(KTLA) – Derek Dunfee, a former professional big wave surfer and photographer, said he used to ride 50-foot waves.
However, the San Diego surfer’s career ended after more than 20 concussions and being left nearly blind in one eye.
“There’s a lot of stuff I did that I prepared for these wipeouts, but when you get hit by a 50-foot wave, especially in terms of head trauma and concussions, there’s not much you can do to prepare for that,” Dunfee said.
Dr. Christopher Giza, director of the UCLA Steve Tisch BrainSPORT Program, said the few studies that looked at brain injuries in surfing have found that the number of concussions has increased in the past two decades.
“One of the possibilities is that there are more people participating in the sport, so if there’s more in the sport, then the same percentage might have injuries,” Giza said.
But currently, Giza said, “there’s not really a culture of paying attention to head injuries in surfing.”
“There’s certainly no culture of wearing helmets,” he added.
Terry Simms, the founder of Simba Surf Helmets, wants to change that.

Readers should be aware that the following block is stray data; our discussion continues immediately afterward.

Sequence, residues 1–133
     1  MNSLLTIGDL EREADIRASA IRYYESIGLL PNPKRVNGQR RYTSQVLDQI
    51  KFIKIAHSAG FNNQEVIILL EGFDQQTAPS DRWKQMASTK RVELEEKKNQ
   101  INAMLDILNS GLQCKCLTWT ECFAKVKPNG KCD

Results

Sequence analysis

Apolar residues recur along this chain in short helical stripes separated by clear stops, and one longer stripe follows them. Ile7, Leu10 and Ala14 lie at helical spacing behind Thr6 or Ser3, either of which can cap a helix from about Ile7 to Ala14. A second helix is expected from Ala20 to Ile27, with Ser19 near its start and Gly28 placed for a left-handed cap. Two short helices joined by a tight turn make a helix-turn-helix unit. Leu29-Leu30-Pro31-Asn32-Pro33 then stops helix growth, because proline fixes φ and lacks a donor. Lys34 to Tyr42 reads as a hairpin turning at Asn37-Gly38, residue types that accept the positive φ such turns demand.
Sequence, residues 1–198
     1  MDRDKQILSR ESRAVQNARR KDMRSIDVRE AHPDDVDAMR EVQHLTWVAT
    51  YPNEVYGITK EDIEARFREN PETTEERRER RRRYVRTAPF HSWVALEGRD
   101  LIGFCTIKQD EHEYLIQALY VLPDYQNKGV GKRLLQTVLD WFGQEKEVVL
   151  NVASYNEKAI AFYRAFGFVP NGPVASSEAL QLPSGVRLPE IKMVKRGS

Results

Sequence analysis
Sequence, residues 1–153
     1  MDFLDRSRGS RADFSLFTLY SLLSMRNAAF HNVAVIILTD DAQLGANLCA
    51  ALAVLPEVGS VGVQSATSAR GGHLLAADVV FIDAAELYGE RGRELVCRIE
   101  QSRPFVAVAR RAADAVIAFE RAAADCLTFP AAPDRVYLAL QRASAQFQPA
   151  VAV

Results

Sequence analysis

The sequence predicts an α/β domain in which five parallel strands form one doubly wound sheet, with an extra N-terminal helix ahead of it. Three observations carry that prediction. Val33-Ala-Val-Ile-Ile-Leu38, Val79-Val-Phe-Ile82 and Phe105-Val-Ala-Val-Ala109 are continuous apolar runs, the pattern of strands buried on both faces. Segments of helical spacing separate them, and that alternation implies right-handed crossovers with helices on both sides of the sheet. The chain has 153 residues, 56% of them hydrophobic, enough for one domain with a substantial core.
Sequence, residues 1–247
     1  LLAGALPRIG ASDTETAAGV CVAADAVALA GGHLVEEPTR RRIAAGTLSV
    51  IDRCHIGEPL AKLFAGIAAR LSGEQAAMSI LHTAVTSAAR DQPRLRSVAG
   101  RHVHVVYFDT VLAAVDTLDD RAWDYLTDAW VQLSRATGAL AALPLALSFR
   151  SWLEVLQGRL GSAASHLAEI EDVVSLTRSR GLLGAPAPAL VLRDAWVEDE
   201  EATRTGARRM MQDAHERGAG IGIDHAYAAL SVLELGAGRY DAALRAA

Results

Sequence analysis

Simms estimated that during the pandemic, the number of surfers in California has doubled from 1 million to nearly 2 million.
Simms encourages all surfers — those who picked up the hobby during the pandemic and multi-year pros — to wear helmets. They may not prevent all concussions, but they can help protect surfers when they hit the sand, a reef or the board itself.
“It’s not the size of the wave at all. In fact, it’s nothing to do with that. When it’s your time, it’s your time. And that’s that, period,” Simms said.
He and other helmet advocates may be making progress.
Dunfee, the former professional surfer, said he’s beginning to notice a change when it comes to headgear in surfing.
“I’ve had multiple concussions in smaller waves, and these are things I’m more aware of,” Dunfee said. “A lot of people are wearing helmets, which I encourage.”
Simms said it’s a positive trend that will remain important as surfing looks to continue its growth.
“This is really a vehicle to not only to help surfing but to protect our future, which are our kids, because that’s when it all starts.”